Showing results 1-10 of 20 for 'alternative-energy'
Splitting water molecules to produce hydrogen for fuel holds promise for alternative energy. However, current methods of water splitting also form hydrogen peroxide, which adversely affects the process. Now, Prof. Ron Naaman and an international team have found a way to control the spin of electrons, resulting in hydrogen-peroxide-free water splitting.
Our rapidly changing climate makes it more imperative than ever to have reliable, affordable forms of energy. As head of the Institute’s Alternative Energy Research Initiative, Prof. David Cahen is helping to make this happen – both through his own work and by issuing grants to Weizmann scientists pursuing alternative energy solutions.
Prof. David Cahen, head of the Weizmann Institute’s Alternative Energy Research Initiative, and colleague Prof. Leeor Kronik discuss humankind’s energy problem – specifically, that we cannot keep using energy as we do today – and potential solutions, such as use of highly efficient solar power. The event was held at The Gregory School in Tucson.
It’s hot outside – and getting hotter. The Times of Israel examines whether Weizmann’s Prof. Jacob Karni might have developed a solution, saying that he and “an entrepreneur have patented a device that extracts carbon dioxide from the atmosphere and turns it into fuel. They say it has the potential to save life on our planet.”
Israel21c covers the latest advance in Prof. Jacob Karni’s award-winning method for producing clean energy. The process, being brought to market by NewCO2Fuels, takes a wasted source of energy – the heat put out by factories – and converts its CO2 into synthetic gas which, in turn, is used for products like plastic, fertilizer, and liquid fuel.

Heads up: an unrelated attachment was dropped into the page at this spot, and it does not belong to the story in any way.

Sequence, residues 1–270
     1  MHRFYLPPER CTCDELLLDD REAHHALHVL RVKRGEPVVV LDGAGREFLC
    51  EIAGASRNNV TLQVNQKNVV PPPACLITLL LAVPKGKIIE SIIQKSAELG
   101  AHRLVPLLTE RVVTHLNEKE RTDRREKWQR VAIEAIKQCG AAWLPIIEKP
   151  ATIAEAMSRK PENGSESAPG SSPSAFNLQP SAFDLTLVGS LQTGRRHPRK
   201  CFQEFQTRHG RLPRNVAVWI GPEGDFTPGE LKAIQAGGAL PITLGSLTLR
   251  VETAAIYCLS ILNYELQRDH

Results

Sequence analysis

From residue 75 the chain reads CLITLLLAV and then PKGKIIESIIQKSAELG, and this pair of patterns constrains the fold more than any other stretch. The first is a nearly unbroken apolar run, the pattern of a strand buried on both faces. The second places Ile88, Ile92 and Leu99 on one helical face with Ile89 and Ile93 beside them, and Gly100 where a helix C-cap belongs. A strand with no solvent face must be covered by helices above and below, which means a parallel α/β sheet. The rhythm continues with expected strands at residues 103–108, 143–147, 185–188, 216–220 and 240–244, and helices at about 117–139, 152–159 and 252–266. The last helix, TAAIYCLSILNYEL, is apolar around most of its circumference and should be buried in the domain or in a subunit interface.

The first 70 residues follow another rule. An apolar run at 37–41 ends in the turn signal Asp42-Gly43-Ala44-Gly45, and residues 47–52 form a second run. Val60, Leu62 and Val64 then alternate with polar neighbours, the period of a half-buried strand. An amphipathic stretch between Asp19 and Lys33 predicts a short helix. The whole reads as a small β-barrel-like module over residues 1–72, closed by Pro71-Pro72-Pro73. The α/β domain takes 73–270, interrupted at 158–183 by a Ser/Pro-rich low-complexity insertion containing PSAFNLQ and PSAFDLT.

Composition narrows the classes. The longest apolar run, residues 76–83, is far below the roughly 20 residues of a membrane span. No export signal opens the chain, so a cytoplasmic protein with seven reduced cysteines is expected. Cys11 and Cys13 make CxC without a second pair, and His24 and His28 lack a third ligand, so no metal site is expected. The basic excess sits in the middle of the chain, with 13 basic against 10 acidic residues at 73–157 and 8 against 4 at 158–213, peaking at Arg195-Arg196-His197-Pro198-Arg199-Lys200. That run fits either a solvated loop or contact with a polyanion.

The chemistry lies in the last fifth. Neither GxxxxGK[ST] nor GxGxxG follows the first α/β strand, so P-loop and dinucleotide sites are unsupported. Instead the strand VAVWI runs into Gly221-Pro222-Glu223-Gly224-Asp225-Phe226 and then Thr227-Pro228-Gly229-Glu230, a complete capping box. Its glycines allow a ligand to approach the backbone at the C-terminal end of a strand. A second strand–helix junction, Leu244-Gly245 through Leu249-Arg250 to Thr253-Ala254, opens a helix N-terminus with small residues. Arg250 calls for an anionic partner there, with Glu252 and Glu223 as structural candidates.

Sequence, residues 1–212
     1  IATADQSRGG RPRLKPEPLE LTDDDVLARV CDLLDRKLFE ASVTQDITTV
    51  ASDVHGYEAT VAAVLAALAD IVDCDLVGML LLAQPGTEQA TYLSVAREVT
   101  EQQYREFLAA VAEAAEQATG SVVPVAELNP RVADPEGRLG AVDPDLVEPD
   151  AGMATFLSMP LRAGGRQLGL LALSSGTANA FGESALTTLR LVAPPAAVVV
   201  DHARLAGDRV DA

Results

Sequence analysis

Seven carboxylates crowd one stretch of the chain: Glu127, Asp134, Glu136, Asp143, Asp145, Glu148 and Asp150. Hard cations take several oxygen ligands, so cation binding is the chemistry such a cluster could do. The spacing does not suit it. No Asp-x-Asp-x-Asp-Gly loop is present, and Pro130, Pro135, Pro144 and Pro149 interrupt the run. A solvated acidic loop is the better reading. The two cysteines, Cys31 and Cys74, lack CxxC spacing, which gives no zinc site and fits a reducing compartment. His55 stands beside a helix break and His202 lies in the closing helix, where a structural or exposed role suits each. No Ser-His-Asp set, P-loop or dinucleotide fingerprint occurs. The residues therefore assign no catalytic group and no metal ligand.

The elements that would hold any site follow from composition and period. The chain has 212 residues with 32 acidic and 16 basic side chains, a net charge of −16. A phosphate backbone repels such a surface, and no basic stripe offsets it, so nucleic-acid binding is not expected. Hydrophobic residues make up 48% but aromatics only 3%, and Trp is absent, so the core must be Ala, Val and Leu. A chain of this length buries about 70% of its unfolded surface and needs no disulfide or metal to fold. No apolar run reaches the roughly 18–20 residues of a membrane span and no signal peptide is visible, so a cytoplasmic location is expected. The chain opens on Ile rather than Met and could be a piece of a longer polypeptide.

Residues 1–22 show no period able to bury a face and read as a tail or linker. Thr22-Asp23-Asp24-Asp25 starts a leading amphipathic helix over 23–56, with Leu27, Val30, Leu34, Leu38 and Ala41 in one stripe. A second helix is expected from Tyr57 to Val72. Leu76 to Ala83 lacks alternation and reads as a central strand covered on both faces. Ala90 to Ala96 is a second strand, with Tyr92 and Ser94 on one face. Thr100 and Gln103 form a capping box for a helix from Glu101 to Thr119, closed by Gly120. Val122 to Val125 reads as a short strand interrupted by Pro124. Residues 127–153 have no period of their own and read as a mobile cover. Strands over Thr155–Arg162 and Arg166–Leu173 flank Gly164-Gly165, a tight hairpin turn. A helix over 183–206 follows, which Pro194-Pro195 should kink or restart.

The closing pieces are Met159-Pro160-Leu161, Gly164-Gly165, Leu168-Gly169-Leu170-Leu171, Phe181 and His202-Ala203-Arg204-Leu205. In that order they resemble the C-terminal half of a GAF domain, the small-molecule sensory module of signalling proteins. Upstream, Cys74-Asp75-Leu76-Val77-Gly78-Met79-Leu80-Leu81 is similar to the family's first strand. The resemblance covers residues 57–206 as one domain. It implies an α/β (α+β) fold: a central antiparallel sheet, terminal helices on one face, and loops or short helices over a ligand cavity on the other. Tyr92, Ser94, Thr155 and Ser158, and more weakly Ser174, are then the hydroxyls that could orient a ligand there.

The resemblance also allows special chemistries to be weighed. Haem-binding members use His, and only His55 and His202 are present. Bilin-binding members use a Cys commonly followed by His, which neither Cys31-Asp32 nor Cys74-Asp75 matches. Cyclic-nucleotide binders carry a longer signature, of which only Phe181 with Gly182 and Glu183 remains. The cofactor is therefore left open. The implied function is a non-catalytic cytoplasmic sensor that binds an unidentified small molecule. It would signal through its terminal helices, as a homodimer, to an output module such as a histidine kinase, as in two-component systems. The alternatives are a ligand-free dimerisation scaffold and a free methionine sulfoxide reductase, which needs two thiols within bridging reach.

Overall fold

The developing world is in need of continual, reliable, power – and solar energy would be an “ideal solution,” except that it doesn’t work at night, when electricity is most needed. Weizmann to the rescue! As The Times of Israel reports, Ethiopia is now using a Weizmann Institute technology that “works 24/7 – even at night and when it’s cloudy.”
The Australian profiles the Weizmann Institute’s Prof. Jacob Karni, who is bringing his advances in solar technology to Australia. A new company, NewCO2Fuels, aims to “help the operations of the nation’s biggest gas companies become more efficient and environmentally friendly.”
The Jerusalem Post reports that Rehovot-based firm NewCO2Fuels aims to harness extreme heat that is currently emitted – and wasted – by factories, and use it to drive an innovative fuel production process that was developed by Weizmann’s Prof. Jacob Karni. This “recycled” heat will replace solar in a method for producing synthetic gas.
The Miami Herald interviews actor Matthew Modine about his new role: environmental advocate. Modine has long been vocal about protecting our resources, and set up a program to encourage bike riding. Impressed by Weizmann science, he has now partnered with us at the American Committee to share the Institute’s amazing environmental research.
A hundred years ago, Chaim Weizmann – a preeminent chemist and namesake of the Weizmann Institute, as well as Israel’s first president – proposed a method of producing biofuel. Today, researchers at the University of California are developing his concept. Has the time come for Dr. Weizmann’s vision to be realized?